NUMBER 2: Nevertheless, some humanities programs deserve to be cut or closed, and just about every humanities program needs to rethink its role in educating students in the information age. Every survey of employers says students graduating today, in any field, lack skills that humanists should be claiming as our mission to teach. If we are fulfilling our mission, saving the liberal arts should be a top priority for any thoughtful, wise university planning commission. (See number one above about feckless and unwise administrators.) Many non-humanities programs are in the same boat; they aren’t rethinking their missions either, but because that isn’t what this forum is about, I’m not going to address that larger issue of university failure here. Our focus is the crisis in the humanities, and I’m sick of having had to address that crisis every year, year in and year out, for my entire career. Until we admit our complicity, we don’t even have a chance of addressing the crisis.
NUMBER 3: My own opinion is that only some portion of any humanities program should be devoted to preparing potential professional humanists. Producing PhDs trained to produce PhDs is, like all inbreeding, a way to guarantee decline and eventual extinction. Most students attend college because they are on a journey to independent adulthood. Translation: they need jobs, a career, a way to support themselves. Whether you are a vulgar Marxist or a raging capitalist, you have to support yourself somehow, and you have to do so in a given historical moment and cultural context. This particular historical moment, with all of its glaring inequalities, is terrible for anyone trying to be a self-sustaining adult in the United States. No one envies the twenty-two-year-old facing the job market. Students have a right to a college education that helps prepare them for an economically challenging, complex, global, fast-paced, Internet-driven future. Right now, for-profit colleges are subsidized to the tune of billions of dollars a year from taxpayer-supported Pell Grants, according to statistics from the Department of Education. Some for-profits have graduation rates as low as 25 percent. Yet they appeal to students because they promise job training. At the same time, most legitimate nonprofit colleges and universities boast loftier, and to my mind, indefensible, goals. Over a million students this year are turning to for-profit institutions, many of them out of despair at the lack of alternatives. We educators must change our focus. For our sake, for the sake of students, why not have humanists lead a necessary transformation throughout the entire university?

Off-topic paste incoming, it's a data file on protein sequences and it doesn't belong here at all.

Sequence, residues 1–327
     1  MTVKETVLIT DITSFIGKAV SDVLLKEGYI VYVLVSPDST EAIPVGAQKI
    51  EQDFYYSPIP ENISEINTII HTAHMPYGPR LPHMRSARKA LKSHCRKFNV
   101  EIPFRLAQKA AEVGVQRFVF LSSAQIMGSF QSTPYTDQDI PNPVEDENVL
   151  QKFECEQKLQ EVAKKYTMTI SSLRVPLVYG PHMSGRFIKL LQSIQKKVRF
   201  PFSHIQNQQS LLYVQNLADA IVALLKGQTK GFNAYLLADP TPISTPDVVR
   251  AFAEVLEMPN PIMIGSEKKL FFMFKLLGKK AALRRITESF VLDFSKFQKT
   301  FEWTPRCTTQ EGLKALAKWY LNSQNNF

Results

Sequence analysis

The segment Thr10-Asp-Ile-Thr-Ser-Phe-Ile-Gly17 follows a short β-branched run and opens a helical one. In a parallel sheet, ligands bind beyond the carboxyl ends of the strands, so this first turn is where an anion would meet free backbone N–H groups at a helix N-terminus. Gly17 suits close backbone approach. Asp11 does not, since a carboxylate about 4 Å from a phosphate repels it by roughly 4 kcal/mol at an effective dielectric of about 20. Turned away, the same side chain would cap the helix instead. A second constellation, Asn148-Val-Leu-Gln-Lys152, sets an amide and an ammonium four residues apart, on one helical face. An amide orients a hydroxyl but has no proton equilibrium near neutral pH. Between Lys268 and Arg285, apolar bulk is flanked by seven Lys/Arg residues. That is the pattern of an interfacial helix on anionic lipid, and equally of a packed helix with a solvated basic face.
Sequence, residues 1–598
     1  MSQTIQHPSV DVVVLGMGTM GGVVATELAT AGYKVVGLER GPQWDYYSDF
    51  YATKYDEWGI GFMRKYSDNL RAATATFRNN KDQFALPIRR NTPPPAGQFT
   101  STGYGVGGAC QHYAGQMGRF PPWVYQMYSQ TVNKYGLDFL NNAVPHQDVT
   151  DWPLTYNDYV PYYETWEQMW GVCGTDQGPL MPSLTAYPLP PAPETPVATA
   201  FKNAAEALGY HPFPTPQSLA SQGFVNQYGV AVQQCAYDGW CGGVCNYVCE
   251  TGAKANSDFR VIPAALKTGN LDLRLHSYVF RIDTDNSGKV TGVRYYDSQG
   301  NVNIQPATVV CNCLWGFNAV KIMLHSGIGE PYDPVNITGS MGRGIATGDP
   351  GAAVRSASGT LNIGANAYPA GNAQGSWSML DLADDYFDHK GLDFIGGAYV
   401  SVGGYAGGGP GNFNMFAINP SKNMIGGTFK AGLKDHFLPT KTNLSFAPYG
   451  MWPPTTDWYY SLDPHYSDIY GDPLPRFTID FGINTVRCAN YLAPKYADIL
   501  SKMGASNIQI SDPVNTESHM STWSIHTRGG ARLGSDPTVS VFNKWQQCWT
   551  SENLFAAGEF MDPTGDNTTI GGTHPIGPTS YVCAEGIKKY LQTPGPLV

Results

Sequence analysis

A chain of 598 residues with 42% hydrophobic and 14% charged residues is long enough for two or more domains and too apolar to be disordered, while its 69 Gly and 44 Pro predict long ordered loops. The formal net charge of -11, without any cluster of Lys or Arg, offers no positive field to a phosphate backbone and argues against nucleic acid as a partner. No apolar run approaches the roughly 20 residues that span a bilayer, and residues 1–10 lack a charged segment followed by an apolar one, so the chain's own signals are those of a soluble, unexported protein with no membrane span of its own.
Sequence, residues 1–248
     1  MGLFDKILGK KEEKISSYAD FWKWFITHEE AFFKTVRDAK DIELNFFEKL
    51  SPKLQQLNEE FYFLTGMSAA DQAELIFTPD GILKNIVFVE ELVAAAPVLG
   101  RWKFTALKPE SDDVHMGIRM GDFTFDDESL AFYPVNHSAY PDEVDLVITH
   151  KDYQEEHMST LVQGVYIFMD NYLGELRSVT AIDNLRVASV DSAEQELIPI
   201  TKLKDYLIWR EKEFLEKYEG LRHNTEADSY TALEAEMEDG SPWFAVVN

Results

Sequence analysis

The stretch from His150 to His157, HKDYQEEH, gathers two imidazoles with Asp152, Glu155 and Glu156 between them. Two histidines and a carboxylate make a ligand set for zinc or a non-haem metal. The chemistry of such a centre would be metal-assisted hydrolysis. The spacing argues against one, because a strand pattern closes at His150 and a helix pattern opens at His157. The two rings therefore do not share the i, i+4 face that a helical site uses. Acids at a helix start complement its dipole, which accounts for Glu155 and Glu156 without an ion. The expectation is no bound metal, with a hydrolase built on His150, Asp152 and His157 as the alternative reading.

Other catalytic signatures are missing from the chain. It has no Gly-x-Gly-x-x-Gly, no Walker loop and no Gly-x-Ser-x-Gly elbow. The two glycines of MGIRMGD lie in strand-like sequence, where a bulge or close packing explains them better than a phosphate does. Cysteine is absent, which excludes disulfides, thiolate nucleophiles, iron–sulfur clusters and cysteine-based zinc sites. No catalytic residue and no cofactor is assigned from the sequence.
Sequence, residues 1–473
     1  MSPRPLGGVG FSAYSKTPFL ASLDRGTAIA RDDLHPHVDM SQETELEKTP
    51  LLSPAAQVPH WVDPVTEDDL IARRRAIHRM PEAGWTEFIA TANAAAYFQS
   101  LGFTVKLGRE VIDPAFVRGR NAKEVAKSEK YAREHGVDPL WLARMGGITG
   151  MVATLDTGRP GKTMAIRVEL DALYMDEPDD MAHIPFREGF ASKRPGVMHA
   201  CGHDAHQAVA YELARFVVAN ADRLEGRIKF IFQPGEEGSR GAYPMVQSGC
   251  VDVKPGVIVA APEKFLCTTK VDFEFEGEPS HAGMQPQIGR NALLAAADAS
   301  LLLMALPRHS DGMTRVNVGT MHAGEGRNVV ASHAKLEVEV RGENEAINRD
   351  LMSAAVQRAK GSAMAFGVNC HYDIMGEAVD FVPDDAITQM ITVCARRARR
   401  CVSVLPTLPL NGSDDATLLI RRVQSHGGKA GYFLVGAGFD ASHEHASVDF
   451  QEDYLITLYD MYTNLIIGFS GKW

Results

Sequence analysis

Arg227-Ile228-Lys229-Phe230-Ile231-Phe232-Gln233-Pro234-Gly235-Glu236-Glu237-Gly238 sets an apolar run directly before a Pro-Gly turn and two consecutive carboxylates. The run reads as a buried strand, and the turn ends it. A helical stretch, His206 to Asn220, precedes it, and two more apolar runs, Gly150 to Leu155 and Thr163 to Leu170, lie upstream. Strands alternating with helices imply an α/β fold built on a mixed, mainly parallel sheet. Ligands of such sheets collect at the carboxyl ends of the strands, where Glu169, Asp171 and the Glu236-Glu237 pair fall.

NUMBER 4: Al Hollingsworth was right that the world wants good readers and good writers, and that these are fundamental, foundational, indispensable job skills. Any survey of employers ranks reading and writing as the skills most coveted and most often lacking in new employees. Other missing skills include collaborative abilities, abilities to translate complex and incommensurate information into conclusions, critical thinking, persuasive skills, and project-management skills, plus global awareness and an understanding of culture and context for facilitating interactions in distributed, globalized workplaces. Sounds pretty “soft” (as scientists like to say). Sounds pretty humanistic. Instead of declining, our undergraduate enrollments should be soaring. If they are not in your department, you are missing the boat. I’ve said it before, and I’ll repeat it. We are living in the information age, for Pete’s sake. If humanists can’t make what we do central in an information age, we never can. Still, most humanities departments act as if the Internet had not yet been invented. As I noted on my blog at www.hastac.org, the information age without the humanities is like the industrial age without the steam engine. But few humanities departments could pass the essential litmus test to make that a concrete analogy rather than just a witticism.
NUMBER 5: Al was wrong about one thing. He said humanities departments could, if they had the will, lay claim to only two of the three foundational human skills—reading and writing. I believe we can lay claim to the third, arithmetic, now too. Given the importance of digital humanities, and all the ways the digitization of texts has an impact on our lives, given ways that data scraping and mining and extracting and analyzing can help us understand information flows now and in the past, we could be teaching students not only how to extract data but also how to analyze, interpret, and apply it in meaningful, paradigm-changing ways. Humanists have to get past the tired binary of “qualitative” and “quantitative” thinking—the former so often dismissed by number-crunchers as a “soft” skill and the latter so often dismissed by humanists as “positivism.”